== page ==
With the outcome of Thursday still impossible to predict, NFU president Meurig Raymond says the UK Government has a big role to play in fighting for farmers, whichever way the British public votes.
Whether we are in or out come Friday morning, the UK Government must do all it can to ensure UK farmers remain competitive in Europe, NFU president Meurig Raymond has told the union’s ruling body.
If the vote is to remain, the Government must show stronger leadership in Europe. If it is to leave, it must ensure farmers are not disadvantaged against their EU counterparts, Mr Raymond told the NFU council in Warwickshire on Tuesday.
The council will hold a special meeting in London next Friday, July 1 to discuss the repercussions, of the vote, however it goes, for the NFU, farming and for the industry’s relationships across Europe.
“We can deliver some very strong messages whether we are in or whether we are out,” Mr Raymond said.
Some big decisions and announcements affecting farming are due in the next few weeks at EU level and in the UK, as the period of pre-Referendum ‘purdah’ is lifted.
These include a decision on badger cull roll out in England, with about eight areas understood to be awaiting an answer, a decision on the NFU’s neonicotinoid emergency use application and the publication of the Government’s long-term food and environment plans.
At EU level, the glyphosate saga will be resolved by the end of June, while the NFU is also expecting announcements on CAP simplification, while further down the road, if we remain in the EU, discussions on the next reform will begin.
Mr Raymond said: “There will be a big role for ourselves after the referendum vote on Thursday.
“We don’t know whether history will be made. But my message to the Government would be, if we stay in then they have got to be very much part of that group and show some leadership in Europe rather than sniping from the sidelines, as they have in the last few years.
“I believe the Prime Minister should build strong relationships to get some change and get some reform to ensure we have science-led decision-making rather than the emotion we have seen in the last couple of years.
“If we are out the NFU will play a big part in trying to create a profitable and prosperous UK farming sector.
“Our self-sufficiency in food has dropped to 62 per cent and we know from our consumer survey British consumers want to buy more British food.
“The Government will need to recognise the importance of food and farming if we come out of Europe and ensure UK farmer is not disadvantaged to make sure our self-sufficiency does not fall any further.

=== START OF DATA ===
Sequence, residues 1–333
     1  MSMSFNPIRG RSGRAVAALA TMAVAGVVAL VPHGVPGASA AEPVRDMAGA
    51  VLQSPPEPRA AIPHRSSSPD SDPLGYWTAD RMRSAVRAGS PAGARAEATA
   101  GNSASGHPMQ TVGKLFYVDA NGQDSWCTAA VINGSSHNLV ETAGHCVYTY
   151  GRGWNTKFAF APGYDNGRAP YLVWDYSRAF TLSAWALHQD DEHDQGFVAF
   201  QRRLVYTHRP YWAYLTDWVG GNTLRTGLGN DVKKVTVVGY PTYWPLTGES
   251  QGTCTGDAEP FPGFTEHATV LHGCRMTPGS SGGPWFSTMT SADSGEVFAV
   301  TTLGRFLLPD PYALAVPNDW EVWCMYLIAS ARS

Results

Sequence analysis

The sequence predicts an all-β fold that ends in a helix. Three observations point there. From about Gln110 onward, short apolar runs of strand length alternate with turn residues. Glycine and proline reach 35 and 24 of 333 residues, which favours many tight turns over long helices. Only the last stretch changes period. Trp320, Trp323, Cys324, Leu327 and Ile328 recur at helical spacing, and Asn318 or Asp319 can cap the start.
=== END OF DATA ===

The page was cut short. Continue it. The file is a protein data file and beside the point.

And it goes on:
“The important message to Government if we come out Europe is they must be a strong advocate of UK food and farming.”
In April, the NFU council overwhelmingly backed remaining in the EU, agreeing to adopt a statement declaring ’on the balance of existing evidence available to us at present, the interests of farmers are best served by our continuing membership of the European Union’.
Mr Raymond said the union was legally required to come up with a clear position on the Brexit debate in order to provide further information to members.
He said: "The big, big issue was market access. Nobody knows what the conditions of trade would be to the EU market of 500 million people."
Stuart Roberts, Hertfordshire - Remain
"I have been a firm Remain supporter throughout and that hasn’t changed.
"The main reason I am for Remain is predominantly trade and access to the EU market.
"But the second reason is the numbers from the other side do not add up in any way shape or form, for example, the £350 million-a-week they say we would be saving, which has been spent at least three times over anyway.
"Whatever the result, it gives us an opportunity to reassess our relationship with the EU - let’s try and use that.
"If we remain let's get better at being European and influencing Europe in a way we have not been very good at in the past."
Robin Milton, Devon - Leave
"I have mixed views. The question I would ask is, if we were outside, would we want to go in at the moment? I am not sure we would.
"I think opinion is split all the way through the farming industry – people have mixed opinions.
"For those of us that have been there a long time, there is stability in staying in - the CAP money would take me through to retirement. It could be quite comfortable.
"But an awful lot of the younger people are turning to me and saying, unless there are some changes where are the opportunities for them?
"Change might lead to some different ways of thinking and some new opportunities.
"Even if we stay in, hopefully it will provoke some changes."